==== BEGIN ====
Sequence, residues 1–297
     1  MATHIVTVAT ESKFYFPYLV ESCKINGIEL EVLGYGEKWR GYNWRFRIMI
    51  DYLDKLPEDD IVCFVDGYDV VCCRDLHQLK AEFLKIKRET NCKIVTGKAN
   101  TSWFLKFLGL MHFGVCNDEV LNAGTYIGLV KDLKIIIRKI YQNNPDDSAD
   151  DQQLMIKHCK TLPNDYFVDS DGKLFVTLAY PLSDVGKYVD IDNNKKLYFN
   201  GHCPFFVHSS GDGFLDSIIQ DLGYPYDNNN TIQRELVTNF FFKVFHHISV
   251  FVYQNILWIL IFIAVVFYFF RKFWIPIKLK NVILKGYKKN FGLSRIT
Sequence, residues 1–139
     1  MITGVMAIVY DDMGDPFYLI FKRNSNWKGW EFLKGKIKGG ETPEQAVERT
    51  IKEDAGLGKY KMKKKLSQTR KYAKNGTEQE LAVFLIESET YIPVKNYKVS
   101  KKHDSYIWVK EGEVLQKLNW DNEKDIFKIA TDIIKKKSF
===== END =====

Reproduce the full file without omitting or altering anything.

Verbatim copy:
Sequence, residues 1–297
     1  MATHIVTVAT ESKFYFPYLV ESCKINGIEL EVLGYGEKWR GYNWRFRIMI
    51  DYLDKLPEDD IVCFVDGYDV VCCRDLHQLK AEFLKIKRET NCKIVTGKAN
   101  TSWFLKFLGL MHFGVCNDEV LNAGTYIGLV KDLKIIIRKI YQNNPDDSAD
   151  DQQLMIKHCK TLPNDYFVDS DGKLFVTLAY PLSDVGKYVD IDNNKKLYFN
   201  GHCPFFVHSS GDGFLDSIIQ DLGYPYDNNN TIQRELVTNF FFKVFHHISV
   251  FVYQNILWIL IFIAVVFYFF RKFWIPIKLK NVILKGYKKN FGLSRIT
Sequence, residues 1–139
     1  MITGVMAIVY DDMGDPFYLI FKRNSNWKGW EFLKGKIKGG ETPEQAVERT
    51  IKEDAGLGKY KMKKKLSQTR KYAKNGTEQE LAVFLIESET YIPVKNYKVS
   101  KKHDSYIWVK EGEVLQKLNW DNEKDIFKIA TDIIKKKSF